3. Email Marketing
This is so obvious I don’t even need to go into detail. You are losing a ton of revenue by not actively collecting and emailing potential customers. For Market Campus, email is one of our biggest sources of revenue. This is especially true for premium priced courses. Most people aren’t going to purchase your course on their first visit. Do you have a way to stay in touch with those people?
A simple (and affordable) MailChimp account allows you to easily setup a sales pipeline that you send your email subscribers through. One of our most effective emails is an automated message that comes from our Student Experience team that simply asks the potential student, by name, if there are any questions they could help answer. You’ll be surprised how many people are sitting on the fence about purchasing your course and all they need is for you to reach out and ask what you can do to help. Every major email marketing platform can automate this process and it can drive some serious sales.
As for collecting emails, we use the free version of MailMunch and we couldn’t be happier. I would suggest testing different types of boxes (pop up, floating bar, scrolling box, etc) to see what works best for your audience. Another great (and free) service you could try is SumoMe.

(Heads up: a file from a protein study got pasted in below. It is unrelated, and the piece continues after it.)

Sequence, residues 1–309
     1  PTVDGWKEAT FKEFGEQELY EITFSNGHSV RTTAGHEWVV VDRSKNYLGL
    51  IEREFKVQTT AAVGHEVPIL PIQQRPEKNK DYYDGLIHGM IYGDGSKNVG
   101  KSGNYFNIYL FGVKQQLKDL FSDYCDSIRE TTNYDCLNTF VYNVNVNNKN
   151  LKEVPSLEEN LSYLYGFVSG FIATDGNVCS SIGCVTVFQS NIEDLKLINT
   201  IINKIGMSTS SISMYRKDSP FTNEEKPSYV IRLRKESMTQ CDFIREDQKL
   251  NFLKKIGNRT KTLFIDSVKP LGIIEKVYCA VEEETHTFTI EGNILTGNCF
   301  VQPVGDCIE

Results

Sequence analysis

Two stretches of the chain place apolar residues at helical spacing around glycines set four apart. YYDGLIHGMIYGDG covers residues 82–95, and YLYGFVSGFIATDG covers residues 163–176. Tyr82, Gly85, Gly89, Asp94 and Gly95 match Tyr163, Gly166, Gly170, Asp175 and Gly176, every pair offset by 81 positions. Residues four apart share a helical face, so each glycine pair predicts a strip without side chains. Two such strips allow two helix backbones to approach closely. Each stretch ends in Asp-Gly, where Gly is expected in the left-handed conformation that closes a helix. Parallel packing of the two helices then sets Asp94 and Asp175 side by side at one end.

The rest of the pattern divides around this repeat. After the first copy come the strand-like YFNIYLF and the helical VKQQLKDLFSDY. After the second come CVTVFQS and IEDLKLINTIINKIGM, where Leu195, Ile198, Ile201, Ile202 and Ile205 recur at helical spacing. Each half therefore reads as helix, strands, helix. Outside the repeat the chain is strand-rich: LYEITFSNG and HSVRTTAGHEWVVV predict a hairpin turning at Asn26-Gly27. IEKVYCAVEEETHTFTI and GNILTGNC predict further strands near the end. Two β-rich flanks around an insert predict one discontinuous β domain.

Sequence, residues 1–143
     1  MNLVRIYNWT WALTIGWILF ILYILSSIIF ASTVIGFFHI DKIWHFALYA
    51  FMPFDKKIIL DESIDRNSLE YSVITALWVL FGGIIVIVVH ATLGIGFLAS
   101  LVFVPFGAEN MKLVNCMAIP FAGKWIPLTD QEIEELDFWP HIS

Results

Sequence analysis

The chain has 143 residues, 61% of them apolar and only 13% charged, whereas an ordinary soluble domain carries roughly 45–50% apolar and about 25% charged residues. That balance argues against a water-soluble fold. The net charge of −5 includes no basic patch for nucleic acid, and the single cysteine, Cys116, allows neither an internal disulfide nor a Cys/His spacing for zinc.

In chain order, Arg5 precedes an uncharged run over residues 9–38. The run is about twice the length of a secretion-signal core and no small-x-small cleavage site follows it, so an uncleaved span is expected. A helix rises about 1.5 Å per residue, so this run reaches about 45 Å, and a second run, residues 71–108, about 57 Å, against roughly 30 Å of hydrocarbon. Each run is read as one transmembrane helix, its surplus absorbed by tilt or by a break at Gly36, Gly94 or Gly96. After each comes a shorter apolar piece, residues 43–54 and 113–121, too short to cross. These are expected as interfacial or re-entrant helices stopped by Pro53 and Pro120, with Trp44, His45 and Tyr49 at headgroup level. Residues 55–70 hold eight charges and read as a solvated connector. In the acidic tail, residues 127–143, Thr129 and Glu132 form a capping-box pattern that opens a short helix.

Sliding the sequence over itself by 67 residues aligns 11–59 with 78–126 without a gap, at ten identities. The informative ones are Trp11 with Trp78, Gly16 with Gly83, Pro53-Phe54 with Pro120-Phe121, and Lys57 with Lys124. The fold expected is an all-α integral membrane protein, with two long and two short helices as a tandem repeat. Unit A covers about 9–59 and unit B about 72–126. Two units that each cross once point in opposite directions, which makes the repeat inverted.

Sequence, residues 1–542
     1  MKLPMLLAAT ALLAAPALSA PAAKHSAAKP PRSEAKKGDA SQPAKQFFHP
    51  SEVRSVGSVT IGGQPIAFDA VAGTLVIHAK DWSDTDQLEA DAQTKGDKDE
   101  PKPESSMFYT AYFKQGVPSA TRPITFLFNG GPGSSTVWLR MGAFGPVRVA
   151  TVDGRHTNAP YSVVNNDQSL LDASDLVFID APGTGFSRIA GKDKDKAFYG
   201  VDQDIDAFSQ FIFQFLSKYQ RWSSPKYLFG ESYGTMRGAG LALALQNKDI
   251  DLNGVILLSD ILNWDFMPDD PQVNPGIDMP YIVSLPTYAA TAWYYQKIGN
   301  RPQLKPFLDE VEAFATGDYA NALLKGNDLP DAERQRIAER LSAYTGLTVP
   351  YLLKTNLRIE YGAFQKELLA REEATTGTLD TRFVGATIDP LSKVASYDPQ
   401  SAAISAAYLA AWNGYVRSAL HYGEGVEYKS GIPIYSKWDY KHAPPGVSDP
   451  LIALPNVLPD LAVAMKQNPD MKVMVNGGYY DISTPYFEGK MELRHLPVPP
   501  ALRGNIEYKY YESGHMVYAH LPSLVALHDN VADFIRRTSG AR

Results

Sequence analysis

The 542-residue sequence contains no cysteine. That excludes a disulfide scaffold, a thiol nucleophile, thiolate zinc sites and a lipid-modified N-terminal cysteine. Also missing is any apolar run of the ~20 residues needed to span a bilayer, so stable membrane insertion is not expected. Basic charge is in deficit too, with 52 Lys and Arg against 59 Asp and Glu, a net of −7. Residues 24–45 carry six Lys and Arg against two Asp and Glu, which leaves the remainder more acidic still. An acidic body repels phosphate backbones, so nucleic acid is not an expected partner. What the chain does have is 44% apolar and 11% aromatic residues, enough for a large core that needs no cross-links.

If your course offers any type of trial or free sample, be sure to use a free service like Zapier (which integrates great with Thinkific) and automatically import those signups to your “potential customer” group in your email marketing platform.
4. Validation (social proof)
There is a good chance that most of the people who stumble onto your course website have never heard of you before. If people are going to be giving you their money, they want to be sure they are getting value. Sadly, the online education market has its fair share of scams and disappointing courses full of mediocre content. Even though your course may rock, you have to first gain the trust of the customer.
Testimonials and reviews are a powerful way to gain trust. They are social proof. We recently started doing video testimonials with some of our former students and have noticed a night and day difference between text testimonials.